Stephen Merchant’s new series follows a gang of rebels in the west country
Christopher Walken is the poster attraction for Stephen Merchant’s new crime caper, The Outlaws, about a group of misfits who meet on a community service programme. It’s a BBC/Amazon co-production, which maybe explains why the 78-year-old has been tempted out of his velvet-lined coffin in Connecticut to muck in with a herd of British character actors.
Those staring eyes and halting Scots-German-Queens accent do not come cheap. He plays Frank, a fraudster released from a long spell in prison to be welcomed home by his daughter, Margaret (Dolly Wells), and his grandchildren. She is ambivalent about his return, although not for long. Who can stay angry at Christopher Walken?
After being fitted with an ankle tag, Frank is sent off to pay his debt to society, where he meets the rest of the gang. There are seven characters who must pick litter all day in the garden of a rundown estate, watched over by their officer Diana (Jessica Gunning). Community service is a promising structure, because it forces the characters together during the daytimes but lets them out to advance the plot, or their relationships, in the evenings. Despite Walken’s wattage, the breakout star is Rhianne Barreto as Rani, a schoolgirl whose arrest for shoplifting has jeopardised her place at Oxford. It’s a sympathetic performance with more depth than you might expect given her surroundings.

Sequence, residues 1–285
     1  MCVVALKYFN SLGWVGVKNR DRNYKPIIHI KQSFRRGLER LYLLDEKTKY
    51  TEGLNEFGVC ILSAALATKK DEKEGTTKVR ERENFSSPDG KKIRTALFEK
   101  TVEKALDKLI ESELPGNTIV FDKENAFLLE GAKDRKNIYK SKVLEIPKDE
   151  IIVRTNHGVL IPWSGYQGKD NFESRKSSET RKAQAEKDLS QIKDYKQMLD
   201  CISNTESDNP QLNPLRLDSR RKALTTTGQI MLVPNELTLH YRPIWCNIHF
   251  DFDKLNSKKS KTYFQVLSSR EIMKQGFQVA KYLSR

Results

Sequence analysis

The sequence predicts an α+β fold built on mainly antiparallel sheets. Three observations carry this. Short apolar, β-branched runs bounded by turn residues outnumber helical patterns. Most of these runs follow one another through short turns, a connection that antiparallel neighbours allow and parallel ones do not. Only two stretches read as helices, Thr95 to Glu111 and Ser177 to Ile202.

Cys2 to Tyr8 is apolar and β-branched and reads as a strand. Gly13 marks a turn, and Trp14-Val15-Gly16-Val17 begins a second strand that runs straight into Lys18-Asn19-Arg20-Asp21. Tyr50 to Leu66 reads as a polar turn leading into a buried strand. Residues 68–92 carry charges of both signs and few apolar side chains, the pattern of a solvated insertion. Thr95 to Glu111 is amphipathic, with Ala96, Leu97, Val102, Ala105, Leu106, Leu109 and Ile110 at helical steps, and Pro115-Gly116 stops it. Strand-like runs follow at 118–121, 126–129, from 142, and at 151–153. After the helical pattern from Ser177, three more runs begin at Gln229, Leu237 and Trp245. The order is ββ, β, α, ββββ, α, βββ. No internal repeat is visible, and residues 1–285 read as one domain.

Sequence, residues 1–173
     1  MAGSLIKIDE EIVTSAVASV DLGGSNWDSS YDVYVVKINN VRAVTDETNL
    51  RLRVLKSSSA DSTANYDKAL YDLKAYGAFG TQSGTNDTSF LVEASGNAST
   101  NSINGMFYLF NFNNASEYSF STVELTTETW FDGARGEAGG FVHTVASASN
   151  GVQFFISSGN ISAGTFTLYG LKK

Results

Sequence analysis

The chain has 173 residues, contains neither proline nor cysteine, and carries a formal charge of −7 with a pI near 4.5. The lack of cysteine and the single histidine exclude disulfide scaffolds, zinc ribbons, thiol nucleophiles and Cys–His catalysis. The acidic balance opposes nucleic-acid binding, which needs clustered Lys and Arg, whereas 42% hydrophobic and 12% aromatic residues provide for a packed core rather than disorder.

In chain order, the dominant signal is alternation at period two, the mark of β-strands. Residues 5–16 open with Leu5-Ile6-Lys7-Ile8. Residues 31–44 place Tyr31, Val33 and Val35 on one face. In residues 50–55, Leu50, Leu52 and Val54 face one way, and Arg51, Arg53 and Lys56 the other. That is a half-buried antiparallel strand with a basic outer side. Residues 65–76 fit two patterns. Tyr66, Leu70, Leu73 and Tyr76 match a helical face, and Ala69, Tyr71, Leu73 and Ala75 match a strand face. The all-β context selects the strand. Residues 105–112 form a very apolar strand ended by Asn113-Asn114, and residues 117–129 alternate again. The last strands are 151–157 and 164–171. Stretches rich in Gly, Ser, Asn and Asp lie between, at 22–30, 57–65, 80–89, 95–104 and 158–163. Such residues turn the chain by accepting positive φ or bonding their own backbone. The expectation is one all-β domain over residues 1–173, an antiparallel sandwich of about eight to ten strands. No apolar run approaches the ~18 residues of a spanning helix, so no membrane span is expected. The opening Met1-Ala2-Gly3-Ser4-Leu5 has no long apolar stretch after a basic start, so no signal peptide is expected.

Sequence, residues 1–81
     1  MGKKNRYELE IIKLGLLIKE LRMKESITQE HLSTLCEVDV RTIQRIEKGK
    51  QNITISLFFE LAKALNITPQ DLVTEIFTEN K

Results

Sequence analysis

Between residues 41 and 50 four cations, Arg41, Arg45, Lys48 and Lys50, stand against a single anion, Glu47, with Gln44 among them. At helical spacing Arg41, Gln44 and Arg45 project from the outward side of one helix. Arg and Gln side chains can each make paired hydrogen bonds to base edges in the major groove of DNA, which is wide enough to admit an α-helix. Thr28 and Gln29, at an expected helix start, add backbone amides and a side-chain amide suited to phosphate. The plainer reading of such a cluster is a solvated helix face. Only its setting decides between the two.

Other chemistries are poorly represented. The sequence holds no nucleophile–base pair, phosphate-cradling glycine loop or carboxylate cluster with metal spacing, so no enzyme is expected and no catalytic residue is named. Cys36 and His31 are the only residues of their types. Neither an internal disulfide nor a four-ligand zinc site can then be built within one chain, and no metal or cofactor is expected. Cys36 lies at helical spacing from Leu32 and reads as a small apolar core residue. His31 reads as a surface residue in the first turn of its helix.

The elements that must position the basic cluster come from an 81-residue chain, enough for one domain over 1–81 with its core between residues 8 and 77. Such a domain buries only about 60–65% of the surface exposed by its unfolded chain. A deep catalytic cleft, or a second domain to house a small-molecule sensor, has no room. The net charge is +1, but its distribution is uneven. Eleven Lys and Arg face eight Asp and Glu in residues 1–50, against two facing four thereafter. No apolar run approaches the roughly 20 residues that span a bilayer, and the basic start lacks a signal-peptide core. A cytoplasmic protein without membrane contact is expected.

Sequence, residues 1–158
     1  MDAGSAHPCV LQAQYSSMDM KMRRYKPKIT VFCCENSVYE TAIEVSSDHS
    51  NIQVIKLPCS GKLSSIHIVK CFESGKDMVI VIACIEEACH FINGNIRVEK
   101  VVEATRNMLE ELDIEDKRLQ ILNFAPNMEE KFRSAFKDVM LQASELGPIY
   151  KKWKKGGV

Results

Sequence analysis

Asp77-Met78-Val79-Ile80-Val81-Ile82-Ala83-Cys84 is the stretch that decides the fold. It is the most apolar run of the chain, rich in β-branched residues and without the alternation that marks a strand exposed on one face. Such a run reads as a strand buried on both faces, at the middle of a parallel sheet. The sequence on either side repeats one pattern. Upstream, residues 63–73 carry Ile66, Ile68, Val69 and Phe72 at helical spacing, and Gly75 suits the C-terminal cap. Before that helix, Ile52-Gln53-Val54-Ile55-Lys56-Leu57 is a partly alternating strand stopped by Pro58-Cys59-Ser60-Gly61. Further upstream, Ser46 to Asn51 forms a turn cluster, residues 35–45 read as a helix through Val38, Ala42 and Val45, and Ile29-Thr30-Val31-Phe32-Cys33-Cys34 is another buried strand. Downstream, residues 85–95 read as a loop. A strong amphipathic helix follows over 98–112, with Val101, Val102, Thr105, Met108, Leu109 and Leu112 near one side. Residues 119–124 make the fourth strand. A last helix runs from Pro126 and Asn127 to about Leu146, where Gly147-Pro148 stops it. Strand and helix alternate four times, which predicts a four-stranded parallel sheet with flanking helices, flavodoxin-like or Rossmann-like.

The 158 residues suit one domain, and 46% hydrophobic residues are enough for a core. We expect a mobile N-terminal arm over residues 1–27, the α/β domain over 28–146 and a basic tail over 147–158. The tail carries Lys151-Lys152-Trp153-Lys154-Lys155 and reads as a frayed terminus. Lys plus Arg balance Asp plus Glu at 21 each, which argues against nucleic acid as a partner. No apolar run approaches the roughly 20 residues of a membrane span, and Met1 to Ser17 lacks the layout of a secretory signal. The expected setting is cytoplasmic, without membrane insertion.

Halfway through the first episode, Rani, talking to the flirtatious gang member Christian (Gamba Cole) helpfully identifies the rest of the crew. As well as Walken’s “shifty old timer” there is a “right-wing blowhard” (Darren Boyd as dodgy businessman John); a “left-wing militant” (Clare Perkins as Myrna); a “celebutante” (Eleanor Tomlinson as Lady Gabby, a posho influencer); and “whatever the hell he is”. (Merchant as a recently divorced solicitor, Gregg. Yes, he opens with a gag about his height.) As for herself, she is a “studious Asian good girl”, while Christian is the “bad boy”. He is trying to extricate himself from his gang involvement, while preventing his sister, who like Rani is a promising student, from being similarly embroiled. Stay tuned to find out how this sequence of events draws the misfits together in unexpected ways. The knowing acknowledgement that the characters are all archetypes is not the same thing as developing them beyond that, and it remains to be seen whether they will be taken in more interesting directions.
Merchant, who co-wrote the series with Elgin James, has said he sees The Outlaws as a kind of western with west country accents. The first episode is bookended with action sequences, but they are pedestrian in both senses. In general the aesthetic is classic Merchant, that sub-Edgar Wright suburban banality where everyone converses mostly in dad jokes and everything looks a bit naff. There are one or two laughs, mostly from Merchant, but the overall effect is very BBC comedy, and not entirely in a good way. This schtick can work, but it needs a lot of charm to compensate for the complete absence of glamour. From this first hour, it’s not clear whether The Outlaws has it. The studios must be convinced as they commissioned a second series, but this gang of rebels seems to stick pretty closely to the TV rules.